On Tuesday, April 10, HealthPATH will have a grand opening for its Health Professions Training and Education Center also referred to as a simulation center.
“The simulation center is intended to provide a hands-on learning environment for HealthPATH’s pipeline programs and be an educational tool for all of Alameda Health System,” said Jessica Pitt, PhD, executive director of HealthPATH. “This training facility will be used by everyone, from teens to residents to AHS staff and providers. We’re (Highland) a training hospital and this is a state of the art resource for us.”
In 2015, AHS Foundation received a $10 million grant from The Atlantic Philanthropies to support HealthPATH, AHS’s workforce development initiative that prepares youth and young adults for healthcare careers. Funds from the five-year grant were used to build the center and acquire the furniture and equipment. The grant will also provide salary for simulation center staff.
In recent years the use of simulation has become a standard method for training health professionals and AHS has wanted to have a facility that would serve the education needs of its providers. Medical simulation allows for safe training of learners that would be impractical to observe in real-time.
“Simulation center participants will get the opportunity to train on manikins that have heartbeats, pulses, and can talk. Some of the manikins can even birth a baby. Learners can put in an IV or perform an intubation on these manikins and more,” said Pitt. “This is a really awesome opportunity for our youth to learn in a controlled environment and do things that the average kid wouldn’t get a chance to do.”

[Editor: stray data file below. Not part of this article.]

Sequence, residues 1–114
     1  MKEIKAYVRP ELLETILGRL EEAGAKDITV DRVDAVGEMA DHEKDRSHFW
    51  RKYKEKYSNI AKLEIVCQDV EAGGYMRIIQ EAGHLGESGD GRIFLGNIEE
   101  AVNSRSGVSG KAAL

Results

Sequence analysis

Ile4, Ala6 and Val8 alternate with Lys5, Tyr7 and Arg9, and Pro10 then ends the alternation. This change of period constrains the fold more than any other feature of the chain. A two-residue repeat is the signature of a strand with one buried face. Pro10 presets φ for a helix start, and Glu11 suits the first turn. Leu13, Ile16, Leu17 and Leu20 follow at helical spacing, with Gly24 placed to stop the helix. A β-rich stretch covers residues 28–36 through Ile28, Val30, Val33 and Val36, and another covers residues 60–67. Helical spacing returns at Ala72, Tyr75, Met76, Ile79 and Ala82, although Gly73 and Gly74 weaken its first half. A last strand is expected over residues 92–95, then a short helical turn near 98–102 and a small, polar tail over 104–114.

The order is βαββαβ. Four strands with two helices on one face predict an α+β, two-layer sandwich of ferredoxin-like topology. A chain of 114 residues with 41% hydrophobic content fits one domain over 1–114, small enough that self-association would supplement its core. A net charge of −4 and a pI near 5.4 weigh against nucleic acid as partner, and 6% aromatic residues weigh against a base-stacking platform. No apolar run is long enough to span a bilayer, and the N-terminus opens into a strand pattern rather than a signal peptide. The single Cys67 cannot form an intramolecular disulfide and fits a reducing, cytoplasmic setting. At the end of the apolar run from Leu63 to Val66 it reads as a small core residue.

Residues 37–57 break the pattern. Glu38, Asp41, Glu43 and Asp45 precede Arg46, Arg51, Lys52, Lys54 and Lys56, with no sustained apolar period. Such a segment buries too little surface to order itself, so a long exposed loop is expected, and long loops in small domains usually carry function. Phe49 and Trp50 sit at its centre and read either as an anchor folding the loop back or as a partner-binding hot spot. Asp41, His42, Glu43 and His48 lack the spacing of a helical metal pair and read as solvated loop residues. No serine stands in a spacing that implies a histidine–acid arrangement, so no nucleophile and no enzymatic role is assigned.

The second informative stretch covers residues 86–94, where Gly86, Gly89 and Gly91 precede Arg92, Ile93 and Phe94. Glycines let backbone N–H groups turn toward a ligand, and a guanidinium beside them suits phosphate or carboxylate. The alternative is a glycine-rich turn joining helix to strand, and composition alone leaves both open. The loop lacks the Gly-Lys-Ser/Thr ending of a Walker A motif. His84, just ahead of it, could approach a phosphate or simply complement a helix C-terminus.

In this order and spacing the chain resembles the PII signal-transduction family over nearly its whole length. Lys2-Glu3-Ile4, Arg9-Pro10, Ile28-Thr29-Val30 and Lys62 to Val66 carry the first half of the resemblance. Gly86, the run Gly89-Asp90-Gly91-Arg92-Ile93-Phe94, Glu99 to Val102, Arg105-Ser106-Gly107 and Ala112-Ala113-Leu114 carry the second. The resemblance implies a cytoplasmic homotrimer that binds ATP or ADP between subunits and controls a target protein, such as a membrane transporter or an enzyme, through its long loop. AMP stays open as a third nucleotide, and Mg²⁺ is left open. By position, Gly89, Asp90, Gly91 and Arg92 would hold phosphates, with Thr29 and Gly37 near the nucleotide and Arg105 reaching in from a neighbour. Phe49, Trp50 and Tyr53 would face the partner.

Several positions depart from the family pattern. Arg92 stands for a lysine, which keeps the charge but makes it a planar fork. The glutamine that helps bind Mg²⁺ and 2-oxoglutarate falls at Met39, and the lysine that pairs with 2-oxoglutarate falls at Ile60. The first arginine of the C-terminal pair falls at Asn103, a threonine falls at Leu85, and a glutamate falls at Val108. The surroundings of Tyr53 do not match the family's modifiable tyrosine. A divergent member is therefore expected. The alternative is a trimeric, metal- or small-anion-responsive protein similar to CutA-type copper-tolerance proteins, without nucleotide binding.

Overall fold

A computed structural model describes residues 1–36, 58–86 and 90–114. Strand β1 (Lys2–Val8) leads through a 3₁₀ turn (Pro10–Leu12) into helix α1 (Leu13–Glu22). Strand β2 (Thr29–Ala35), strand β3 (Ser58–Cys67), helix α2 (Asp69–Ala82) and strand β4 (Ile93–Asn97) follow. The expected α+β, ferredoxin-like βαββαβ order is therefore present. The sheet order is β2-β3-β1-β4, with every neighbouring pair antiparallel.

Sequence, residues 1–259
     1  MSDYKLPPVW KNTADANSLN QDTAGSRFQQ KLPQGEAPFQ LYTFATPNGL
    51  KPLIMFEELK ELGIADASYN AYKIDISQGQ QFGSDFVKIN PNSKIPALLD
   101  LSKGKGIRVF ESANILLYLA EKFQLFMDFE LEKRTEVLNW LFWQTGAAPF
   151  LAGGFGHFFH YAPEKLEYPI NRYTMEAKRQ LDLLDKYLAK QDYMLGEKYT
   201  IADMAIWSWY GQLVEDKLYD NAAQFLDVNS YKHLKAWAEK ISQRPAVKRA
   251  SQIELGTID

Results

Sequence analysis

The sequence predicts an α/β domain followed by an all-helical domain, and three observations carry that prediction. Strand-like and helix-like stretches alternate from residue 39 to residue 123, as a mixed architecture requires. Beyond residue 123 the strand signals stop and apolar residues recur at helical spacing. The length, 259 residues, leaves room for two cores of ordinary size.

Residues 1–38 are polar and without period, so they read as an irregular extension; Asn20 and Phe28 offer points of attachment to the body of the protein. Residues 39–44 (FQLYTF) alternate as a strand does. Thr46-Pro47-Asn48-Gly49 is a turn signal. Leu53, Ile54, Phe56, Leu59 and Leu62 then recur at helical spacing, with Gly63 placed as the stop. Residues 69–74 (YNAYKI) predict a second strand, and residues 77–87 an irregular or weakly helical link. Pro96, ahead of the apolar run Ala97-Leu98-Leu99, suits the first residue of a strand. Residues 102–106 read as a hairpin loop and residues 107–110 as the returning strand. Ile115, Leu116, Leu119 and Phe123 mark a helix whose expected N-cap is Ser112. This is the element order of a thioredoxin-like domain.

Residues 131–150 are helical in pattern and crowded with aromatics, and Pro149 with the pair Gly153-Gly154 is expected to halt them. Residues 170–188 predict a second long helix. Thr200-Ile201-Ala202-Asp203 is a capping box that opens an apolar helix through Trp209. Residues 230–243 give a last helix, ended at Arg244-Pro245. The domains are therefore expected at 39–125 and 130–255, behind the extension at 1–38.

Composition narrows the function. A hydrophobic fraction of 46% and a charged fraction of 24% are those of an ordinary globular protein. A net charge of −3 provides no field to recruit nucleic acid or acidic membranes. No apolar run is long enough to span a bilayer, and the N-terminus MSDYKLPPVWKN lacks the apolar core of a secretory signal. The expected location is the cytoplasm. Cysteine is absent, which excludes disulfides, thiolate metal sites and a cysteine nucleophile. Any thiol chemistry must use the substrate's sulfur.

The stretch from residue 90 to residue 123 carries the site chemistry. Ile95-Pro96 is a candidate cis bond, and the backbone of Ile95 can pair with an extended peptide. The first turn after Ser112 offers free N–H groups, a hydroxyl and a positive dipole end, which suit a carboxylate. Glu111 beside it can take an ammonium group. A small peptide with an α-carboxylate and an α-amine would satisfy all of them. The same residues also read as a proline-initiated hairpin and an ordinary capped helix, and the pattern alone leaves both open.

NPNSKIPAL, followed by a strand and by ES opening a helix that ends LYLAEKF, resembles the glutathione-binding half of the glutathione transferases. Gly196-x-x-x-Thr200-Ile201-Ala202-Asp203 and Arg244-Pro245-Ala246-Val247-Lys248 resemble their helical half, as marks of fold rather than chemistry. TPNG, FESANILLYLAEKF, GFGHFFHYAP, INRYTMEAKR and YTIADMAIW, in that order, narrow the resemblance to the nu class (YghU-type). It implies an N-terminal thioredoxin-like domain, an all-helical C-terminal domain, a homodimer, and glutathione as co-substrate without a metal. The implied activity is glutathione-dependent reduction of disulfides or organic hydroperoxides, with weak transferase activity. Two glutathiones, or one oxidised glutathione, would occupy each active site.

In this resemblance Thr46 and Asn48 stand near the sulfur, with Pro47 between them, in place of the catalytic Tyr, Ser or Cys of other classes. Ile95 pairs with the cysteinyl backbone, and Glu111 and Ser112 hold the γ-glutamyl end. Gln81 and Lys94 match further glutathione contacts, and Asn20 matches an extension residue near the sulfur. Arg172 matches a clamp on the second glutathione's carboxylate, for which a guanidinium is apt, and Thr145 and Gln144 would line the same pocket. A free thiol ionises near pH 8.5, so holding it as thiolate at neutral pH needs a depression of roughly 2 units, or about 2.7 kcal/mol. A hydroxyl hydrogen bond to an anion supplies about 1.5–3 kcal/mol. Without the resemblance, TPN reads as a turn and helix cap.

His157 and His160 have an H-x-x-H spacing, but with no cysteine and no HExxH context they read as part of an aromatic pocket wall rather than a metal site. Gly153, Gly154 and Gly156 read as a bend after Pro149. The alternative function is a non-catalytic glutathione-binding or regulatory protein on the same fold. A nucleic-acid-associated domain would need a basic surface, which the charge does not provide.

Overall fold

While mannequin and manikin are pronounced the same, they are not. The first one is considered a fashion doll that one would see at the store. The second is used when referring to a life size doll that is anatomically correct with removable body parts. The manikins were originally used to help with military training and later evolved to the field of medicine.
Eric Snoey, M.D., vice chair of the Emergency Department, is very excited about the new center. For almost a decade he had been offering trainings using one manikin that was shared between 3-4 different departments, now AHS has access to multiple manikins and trained simulation staff.
“This simulation center is bringing us into the mainstream medical education environment at the student, resident and nursing levels,” said Snoey. “I see this as a stepping stone as we look to expand our education mandate and create a center of excellence around medical training.”